Mozilla Ports Full FPS Engine to WebGL; Playable Demo

Firefox developer Mozilla updated its blog with news of BananaBread, a first-person shooter that runs within a browser without the need to install plugins. To make the demo happen, the team said it ported a complete C++ game engine -- the open-source Cube 2: Sauerbraten -- to JavaScript and WebGL using Emscripten. The project required very few code modifications to the original game, the team said, which demonstrates that porting games to the Web does not have to be difficult.

"The project has several goals," reads the BananaBread blog. "First, to serve as a testcase for running a demanding 3D game in browsers: Having a working testcase lets us try out new browser features and to profile performance in order to make browsers faster. Another goal is to prove that games of this nature can run in JavaScript and WebGL, which many people are skeptical about. Finally, all the code in this project is open (and practically all the art assets), so others can learn from this effort and use this code to create their own browser games."

Here are all the technologies that Mozilla's Firefox 15 is now using to bring top-notch games to browsers:

* Game focused performance improvements to JavaScript, many inspired by games and demos that we saw on the Web or that developers sent to us for testing
* Wide range of WebGL performance improvements
* High precision timing
* Compressed texture support on desktop
* Smoother JavaScript execution on large code bases
* Hardware acceleration of 2D canvas on desktop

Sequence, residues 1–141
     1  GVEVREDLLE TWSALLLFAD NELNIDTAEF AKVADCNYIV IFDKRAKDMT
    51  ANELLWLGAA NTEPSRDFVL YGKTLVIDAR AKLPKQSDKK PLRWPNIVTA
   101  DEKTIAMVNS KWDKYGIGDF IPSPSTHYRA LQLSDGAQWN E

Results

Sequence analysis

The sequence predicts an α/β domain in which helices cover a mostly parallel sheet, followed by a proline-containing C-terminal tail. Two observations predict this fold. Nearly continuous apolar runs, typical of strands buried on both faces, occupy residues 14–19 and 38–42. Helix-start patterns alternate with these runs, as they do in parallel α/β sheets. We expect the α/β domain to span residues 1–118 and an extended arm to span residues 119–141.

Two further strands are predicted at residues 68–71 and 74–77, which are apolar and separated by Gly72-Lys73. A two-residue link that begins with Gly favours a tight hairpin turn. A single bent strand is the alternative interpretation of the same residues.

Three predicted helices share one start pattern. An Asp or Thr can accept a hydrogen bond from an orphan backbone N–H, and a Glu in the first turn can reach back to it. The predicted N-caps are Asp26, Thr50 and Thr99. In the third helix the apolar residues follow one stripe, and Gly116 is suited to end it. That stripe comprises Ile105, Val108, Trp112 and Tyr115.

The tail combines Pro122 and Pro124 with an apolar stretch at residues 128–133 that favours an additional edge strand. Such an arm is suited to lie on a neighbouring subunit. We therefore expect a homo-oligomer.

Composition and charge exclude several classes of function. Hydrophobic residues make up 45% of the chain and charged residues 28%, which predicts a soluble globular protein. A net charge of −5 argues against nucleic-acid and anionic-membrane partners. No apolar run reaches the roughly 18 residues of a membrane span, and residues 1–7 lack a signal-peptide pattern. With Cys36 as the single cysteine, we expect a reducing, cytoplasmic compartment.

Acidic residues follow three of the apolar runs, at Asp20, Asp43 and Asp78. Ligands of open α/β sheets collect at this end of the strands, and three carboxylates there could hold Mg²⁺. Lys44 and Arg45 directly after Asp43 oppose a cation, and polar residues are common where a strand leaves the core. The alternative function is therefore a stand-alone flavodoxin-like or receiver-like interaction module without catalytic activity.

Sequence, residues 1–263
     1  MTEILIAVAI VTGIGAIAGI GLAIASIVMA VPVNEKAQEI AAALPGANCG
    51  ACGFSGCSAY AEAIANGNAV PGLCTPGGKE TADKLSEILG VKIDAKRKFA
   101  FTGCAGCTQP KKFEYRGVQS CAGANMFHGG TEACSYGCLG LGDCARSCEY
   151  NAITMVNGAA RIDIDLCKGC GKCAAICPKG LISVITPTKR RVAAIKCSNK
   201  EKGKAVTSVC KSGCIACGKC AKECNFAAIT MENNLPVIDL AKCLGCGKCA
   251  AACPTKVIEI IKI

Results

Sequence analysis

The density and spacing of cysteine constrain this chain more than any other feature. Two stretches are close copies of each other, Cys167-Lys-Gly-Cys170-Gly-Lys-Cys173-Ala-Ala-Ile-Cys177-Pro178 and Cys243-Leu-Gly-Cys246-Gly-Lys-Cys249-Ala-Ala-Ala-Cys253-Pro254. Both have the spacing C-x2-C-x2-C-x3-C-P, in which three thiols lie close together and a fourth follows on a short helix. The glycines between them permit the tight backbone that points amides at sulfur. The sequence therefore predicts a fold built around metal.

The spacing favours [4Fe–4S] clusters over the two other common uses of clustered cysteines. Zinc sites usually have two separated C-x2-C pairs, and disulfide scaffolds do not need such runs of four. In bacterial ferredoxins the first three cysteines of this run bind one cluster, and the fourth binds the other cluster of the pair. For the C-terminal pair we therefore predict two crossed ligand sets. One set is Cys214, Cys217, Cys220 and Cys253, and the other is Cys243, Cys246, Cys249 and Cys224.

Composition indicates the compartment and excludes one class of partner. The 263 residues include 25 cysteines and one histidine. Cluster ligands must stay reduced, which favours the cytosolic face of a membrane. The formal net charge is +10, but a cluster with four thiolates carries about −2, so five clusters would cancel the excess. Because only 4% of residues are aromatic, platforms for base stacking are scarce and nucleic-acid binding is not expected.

* FullScreen API
* PointerLock API (special thanks to David Humphrey and students at Seneca College)
* OrientationLock

"One of the main goals of the Mozilla Community working on games is to not only drive game development on Firefox but across all browsers," Mozilla said. "Any browser that has implemented the necessary modern Web standards used by the BananaBread demo can run it. These efforts help us stay in touch with how HTML5 is coming together and see opportunities where we can make developers’ lives easier. Hearing directly from the HTML5 game developer community is a key part of how we learn what needs to be done."

Mozilla's new BananaBread demo offers three playable maps against bots: Arena, Two Towers and Lava Chamber (Quake fans, are we?). If the demo isn't loading even though Firefox 15 has WebGL enabled, then the browser might have your GPU blacklisted anyway. Mozilla will blacklist a specific GPU based on its driver version:

Nvidia: requires driver numbered 8.17.12.5721 or greater
AMD: requires driver numbered 8.741.0.0 or greater
Intel: requires driver number 6.14.11 on XP, 7.15.10 on Vista, and 8.15.10 on Windows 7

OF course, this becomes a problem when hardware vendors and OEMS stop producing drivers for legacy products (older cards, laptops, etc.). There's a workaround/blacklist bypass in Firefox, but proceed at your own risk -- we don't take responsibility for any flaming GPUs. Simply click on the address bar in Firefox and type about:config. After that , make the following three changes:

* To enable WebGL, set webgl.force-enabled to true
* To enable Layers Acceleration, set layers.acceleration.force-enabled to true
*
To enable Direct2D in Windows Vista/7, set gfx.direct2d.force-enabled to true

If the demo performs like you're moving against a nasty rip current (below 20fps), then there's probably a good reason why Mozilla blacklisted your GPU.

 

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  • CaedenV
    Very cool.
    8
  • tomsreader
    where's the link to download the game?
    -8
  • amk09
    Was waiting for something like this. It runs good, I was playing it on an i3-2120 with HD2000 graphics. The developers did it well and I like where this could go.
    3